Fri, 12 Dec 2003

CGI pledges $2.8b for 2004

Dadan Wijaksana, The Jakarta Post, Jakarta

The Consultative Group on Indonesia (CGI) pledged on Thursday to provide US$2.8 billion in loans and grants for next year's state budget, but renewed calls to speed up reform and improve the investment climate.

The amount was higher than the $2.7 billion promised for the current 2003 state budget, partly because of higher spending for debt repayment, as the expiration of the International Monetary Fund program later this month deprives the country of a debt relief facility from the Paris Club of creditor nations.

In addition to the figure donors set aside $600 million in the form of credit exports and technical assistance to regional governments and non-governmental organizations (NGOs). That brings the total loan pledge from the CGI to $3.4 billion.

During the two-day CGI meeting, while praising the country's macroeconomic and monetary stability, donors also stressed an urgent need for the country to tackle corruption, which hampers the influx of investment and economic growth, putting a brake on poverty eradication drives.

As the must-take-action targets had been laid down in the White Paper (a document containing the country's economic reform plan until next year), the government now had to ensure the reform targets were implemented, said the World Bank, which chaired the meeting.

"If the government can deliver on its commitments it has made ... then growth in Indonesia is set to take off," World Bank East Asia and the Pacific vice president Jemal-ud-in Kassum said in a written statement.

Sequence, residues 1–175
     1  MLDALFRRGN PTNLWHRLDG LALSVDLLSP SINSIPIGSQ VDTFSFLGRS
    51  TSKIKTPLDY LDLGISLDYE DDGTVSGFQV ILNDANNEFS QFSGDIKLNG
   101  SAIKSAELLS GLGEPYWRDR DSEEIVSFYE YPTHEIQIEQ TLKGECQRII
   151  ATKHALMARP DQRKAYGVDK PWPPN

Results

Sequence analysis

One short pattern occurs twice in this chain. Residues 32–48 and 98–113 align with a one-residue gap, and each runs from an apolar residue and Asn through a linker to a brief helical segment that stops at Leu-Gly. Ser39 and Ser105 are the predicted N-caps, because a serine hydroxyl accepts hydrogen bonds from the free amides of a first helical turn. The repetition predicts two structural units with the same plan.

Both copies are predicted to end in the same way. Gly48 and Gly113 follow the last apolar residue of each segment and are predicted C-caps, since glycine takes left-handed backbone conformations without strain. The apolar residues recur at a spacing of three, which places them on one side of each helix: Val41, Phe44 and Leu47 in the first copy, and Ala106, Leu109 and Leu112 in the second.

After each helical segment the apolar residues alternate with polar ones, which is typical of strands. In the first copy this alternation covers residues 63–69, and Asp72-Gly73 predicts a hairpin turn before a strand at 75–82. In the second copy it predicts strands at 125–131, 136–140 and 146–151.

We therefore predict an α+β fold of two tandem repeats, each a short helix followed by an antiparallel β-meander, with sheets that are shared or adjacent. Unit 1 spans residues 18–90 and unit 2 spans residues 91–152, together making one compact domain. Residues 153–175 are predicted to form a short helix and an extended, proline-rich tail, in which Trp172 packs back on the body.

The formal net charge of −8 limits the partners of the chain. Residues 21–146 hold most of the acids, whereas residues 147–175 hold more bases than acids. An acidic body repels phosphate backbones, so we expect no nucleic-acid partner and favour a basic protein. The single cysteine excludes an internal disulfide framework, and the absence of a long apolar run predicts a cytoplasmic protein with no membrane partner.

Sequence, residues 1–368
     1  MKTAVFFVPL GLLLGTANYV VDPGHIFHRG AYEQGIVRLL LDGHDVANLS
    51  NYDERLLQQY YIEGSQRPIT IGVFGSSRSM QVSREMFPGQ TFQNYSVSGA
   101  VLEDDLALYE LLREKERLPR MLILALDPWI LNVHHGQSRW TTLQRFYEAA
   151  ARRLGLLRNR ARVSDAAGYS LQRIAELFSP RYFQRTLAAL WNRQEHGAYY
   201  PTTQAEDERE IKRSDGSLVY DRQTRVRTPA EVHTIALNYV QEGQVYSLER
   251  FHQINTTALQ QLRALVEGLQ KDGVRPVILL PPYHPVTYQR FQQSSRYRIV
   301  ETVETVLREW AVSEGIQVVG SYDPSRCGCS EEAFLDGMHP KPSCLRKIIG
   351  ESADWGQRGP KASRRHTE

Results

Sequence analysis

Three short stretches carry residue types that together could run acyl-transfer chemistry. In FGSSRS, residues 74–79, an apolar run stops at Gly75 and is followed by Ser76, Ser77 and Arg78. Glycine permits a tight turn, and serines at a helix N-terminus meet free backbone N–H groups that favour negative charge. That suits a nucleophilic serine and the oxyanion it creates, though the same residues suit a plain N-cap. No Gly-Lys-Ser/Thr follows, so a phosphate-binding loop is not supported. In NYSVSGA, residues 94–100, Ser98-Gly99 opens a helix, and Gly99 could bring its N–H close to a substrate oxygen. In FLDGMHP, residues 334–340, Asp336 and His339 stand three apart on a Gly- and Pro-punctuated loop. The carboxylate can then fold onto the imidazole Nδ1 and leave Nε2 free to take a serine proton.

"But significant slippage, especially in improving the investment climate and governance, would put emerging gains in market confidence at risk," he warned.

The Asian Development Bank (ADB), which provided around $900 million of the loan pledges, also urged intensified action to reduce corruption to boost investment.

"Weak governance has acted as a major barrier to sound development in Indonesia, nurturing corruption and rent-seeking and weakening the impact and effectiveness of development projects," ADB Southeast Asia deputy director Shamshad Akhtar said.

Indonesia badly needs fresh investment in order to generate higher economic growth. Foreign direct investment (FDI) approvals for instance, are currently at only a quarter of the pre-economic crisis levels.

"To achieve higher growth, Indonesia should shift its economy from consumption-led to investment-led growth and for that, improving the investment climate is a matter of urgency," said Japanese Ambassador Yutaka Iimura.

The Japanese government contributed $660 million in the CGI loan pledge. On top of that, it would also set aside $220 million in export credit, bringing the total lending from Japan to $880 million.

The CGI has been one of the crucial financing sources the country has always turned to to help it plug the annual state budget deficit.

Under the 2004 state budget, the government set its sights on proceeds to finance the deficit from; domestic and global bonds sales; privatization; sales of banks and assets under the Indonesian Bank Restructuring Agency (IBRA); bank financing; and loans from foreign lenders -- mostly the CGI.

The budget has targeted the deficit at Rp 24.4 trillion, or 1.2 percent of the country's gross domestic product (GDP), as compared to the estimated Rp 34.4 trillion (1.8 percent) deficit for this year.

Of the total CGI loan pledge, the disbursement of $1 billion will depend on progress in implementing economic reforms.